I'm running this:

os.system("/etc/init.d/apache2 restart")

It restarts the webserver, as it should, and like it would if I had run the command directly from the terminal, it outputs this:

* Restarting web server apache2 ... waiting [ OK ]

However, I don't want it to actually output it in my app. How can I disable it? Thanks!

  • 5
    os.system("/etc/init.d/apache2 restart >/dev/null") will discard that output. As Noufal has said, subprocess is preferred. If you're wanting to make a quick adjustment to pre-existing code, though, redirecting to /dev/null might be an attractive option. – Kirk Strauser Apr 8 '11 at 15:09
  • @kirk: why a comment rather than a answer ? – mb14 Apr 8 '11 at 15:32
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    @mb14: I didn't think it was as "correct" as the recommendations to use subprocess. I thought of it as more of a side note, like "while I'm not exactly suggesting you do this, here's another idea." – Kirk Strauser Apr 8 '11 at 15:50
  • related: How to hide output of subprocess in Python 2.7 – jfs Aug 12 '15 at 0:56
  • this worked for me because i was looking for something which works in python 2 and 3. – ChathuraG Aug 11 '16 at 13:37

Avoid os.system() by all means, and use subprocess instead:

with open(os.devnull, 'wb') as devnull:
    subprocess.check_call(['/etc/init.d/apache2', 'restart'], stdout=devnull, stderr=subprocess.STDOUT)

This is the subprocess equivalent of the /etc/init.d/apache2 restart &> /dev/null.

There is subprocess.DEVNULL on Python 3.3+:

#!/usr/bin/env python3
from subprocess import DEVNULL, STDOUT, check_call

check_call(['/etc/init.d/apache2', 'restart'], stdout=DEVNULL, stderr=STDOUT)
| improve this answer | |
  • +1 for an actual example that shows how to solve the OPs problem using subprocess. :) – Noufal Ibrahim Apr 8 '11 at 15:17

Depending on your OS (and that's why as Noufal said, you should use subprocess instead) you can try something like

 os.system("/etc/init.d/apache restart > /dev/null")

or (to mute also the error)

os.system("/etc/init.d/apache restart > /dev/null 2>&1")
| improve this answer | |

You should use the subprocess module using which you can control the stdout and stderr in a flexible fashion. os.system is deprecated.

The subprocess module allows you to create an object which represents a running external process. You can read it from it's stdout/stderr, write to it's stdin, send it signals, terminate it etc. The main object in the module is Popen. There are a bunch of other convenience methods like call etc. The docs are very comprehensive and include a section on replacing the older functions (including os.system).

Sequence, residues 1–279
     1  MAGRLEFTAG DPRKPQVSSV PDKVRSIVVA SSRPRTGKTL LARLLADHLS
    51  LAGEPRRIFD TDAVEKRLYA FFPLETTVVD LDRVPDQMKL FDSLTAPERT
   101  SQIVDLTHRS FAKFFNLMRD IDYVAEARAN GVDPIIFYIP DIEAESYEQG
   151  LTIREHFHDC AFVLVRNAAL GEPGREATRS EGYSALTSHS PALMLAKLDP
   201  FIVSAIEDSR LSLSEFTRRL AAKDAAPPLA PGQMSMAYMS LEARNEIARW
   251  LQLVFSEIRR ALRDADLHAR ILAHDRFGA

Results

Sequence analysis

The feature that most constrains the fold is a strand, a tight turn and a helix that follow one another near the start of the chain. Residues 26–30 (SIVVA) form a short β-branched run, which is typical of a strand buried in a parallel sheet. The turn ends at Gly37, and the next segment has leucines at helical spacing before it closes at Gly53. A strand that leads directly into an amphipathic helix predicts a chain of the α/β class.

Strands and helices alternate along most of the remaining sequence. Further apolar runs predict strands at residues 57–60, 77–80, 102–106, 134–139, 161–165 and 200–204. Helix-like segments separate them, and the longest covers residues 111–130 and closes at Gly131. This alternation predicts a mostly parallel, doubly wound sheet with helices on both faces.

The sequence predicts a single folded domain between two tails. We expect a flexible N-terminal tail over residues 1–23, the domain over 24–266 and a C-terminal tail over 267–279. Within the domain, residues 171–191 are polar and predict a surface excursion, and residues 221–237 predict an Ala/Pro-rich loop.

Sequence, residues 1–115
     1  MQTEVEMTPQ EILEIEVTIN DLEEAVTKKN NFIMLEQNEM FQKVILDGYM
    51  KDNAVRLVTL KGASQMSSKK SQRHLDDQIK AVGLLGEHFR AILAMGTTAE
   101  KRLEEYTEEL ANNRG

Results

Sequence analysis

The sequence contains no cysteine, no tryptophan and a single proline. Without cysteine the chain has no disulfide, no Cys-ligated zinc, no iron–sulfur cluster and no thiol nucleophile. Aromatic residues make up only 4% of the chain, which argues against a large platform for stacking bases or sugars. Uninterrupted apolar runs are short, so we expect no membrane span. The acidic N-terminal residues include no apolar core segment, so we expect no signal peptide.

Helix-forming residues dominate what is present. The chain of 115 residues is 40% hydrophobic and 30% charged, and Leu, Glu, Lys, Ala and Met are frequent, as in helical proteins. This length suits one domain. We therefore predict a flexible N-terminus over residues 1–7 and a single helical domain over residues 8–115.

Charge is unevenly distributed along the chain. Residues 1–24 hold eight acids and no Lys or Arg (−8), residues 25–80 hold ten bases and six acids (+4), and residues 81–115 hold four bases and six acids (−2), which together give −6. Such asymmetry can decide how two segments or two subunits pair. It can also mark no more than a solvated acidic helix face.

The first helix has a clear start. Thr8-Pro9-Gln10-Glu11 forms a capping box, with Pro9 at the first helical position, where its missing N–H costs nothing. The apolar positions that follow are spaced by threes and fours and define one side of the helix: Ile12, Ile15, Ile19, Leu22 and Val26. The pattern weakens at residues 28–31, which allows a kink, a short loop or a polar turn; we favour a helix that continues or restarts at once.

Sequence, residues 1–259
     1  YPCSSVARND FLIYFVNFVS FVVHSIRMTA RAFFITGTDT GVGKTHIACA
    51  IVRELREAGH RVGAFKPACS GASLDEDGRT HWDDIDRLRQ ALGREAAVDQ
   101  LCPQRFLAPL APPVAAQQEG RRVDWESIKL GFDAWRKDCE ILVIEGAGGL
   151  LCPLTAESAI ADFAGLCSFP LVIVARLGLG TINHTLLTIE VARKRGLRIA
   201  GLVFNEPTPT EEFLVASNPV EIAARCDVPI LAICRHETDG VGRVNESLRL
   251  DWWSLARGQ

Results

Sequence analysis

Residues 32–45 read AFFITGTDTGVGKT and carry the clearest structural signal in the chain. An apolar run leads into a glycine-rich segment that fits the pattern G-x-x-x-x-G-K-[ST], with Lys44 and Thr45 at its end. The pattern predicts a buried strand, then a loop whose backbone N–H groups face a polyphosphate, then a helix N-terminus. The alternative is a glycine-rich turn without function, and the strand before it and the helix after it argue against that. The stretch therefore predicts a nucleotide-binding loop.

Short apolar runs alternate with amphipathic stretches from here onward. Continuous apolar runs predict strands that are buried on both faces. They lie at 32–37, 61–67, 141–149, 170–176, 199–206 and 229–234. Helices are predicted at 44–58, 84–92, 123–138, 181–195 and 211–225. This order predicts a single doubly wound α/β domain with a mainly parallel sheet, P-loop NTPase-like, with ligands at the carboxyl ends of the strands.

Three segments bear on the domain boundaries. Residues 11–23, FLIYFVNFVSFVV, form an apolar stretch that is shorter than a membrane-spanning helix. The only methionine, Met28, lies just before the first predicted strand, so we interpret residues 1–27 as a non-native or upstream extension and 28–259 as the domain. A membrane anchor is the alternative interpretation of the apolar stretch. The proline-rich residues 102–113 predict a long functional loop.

| improve this answer | |
  • Awesome. Thanks for answering. Which function would it be though? The docs confuse me. call? popen? – user697108 Apr 8 '11 at 15:02
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    +10 for an incomplete answer! This shows that voting and quality don't go hand in hand :-) . Noufal, you could mention the differences. – user225312 Apr 8 '11 at 15:04
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    popen but you should take some time and read through the docs. I imagine you've only skimmed through them. They're quite clear really. – Noufal Ibrahim Apr 8 '11 at 15:04
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    Do you have a source explicitly marking it as deprecated, as opposed to "not preferred"? Guido is on record as being opposed to its removal. I'm not disagreeing with your answer - subprocess is so much nicer! - just clarifying a point. – Kirk Strauser Apr 8 '11 at 15:07
  • Guido is generally against changing the standard library. The docs for os.system indicate that it's "preferable" to use subprocess. – Noufal Ibrahim Apr 8 '11 at 15:10

Here is a system call function I pieced together several years ago and have used in various projects. If you don't want any output from the command at all you can just say out = syscmd(command) and then do nothing with out.

Tested and works in Python 2.7.12 and 3.5.2.

def syscmd(cmd, encoding=''):
    Runs a command on the system, waits for the command to finish, and then
    returns the text output of the command. If the command produces no text
    output, the command's return code will be returned instead.
    p = Popen(cmd, shell=True, stdin=PIPE, stdout=PIPE, stderr=STDOUT,
    output = p.stdout.read()
    if len(output) > 1:
        if encoding: return output.decode(encoding)
        else: return output
    return p.returncode
| improve this answer | |

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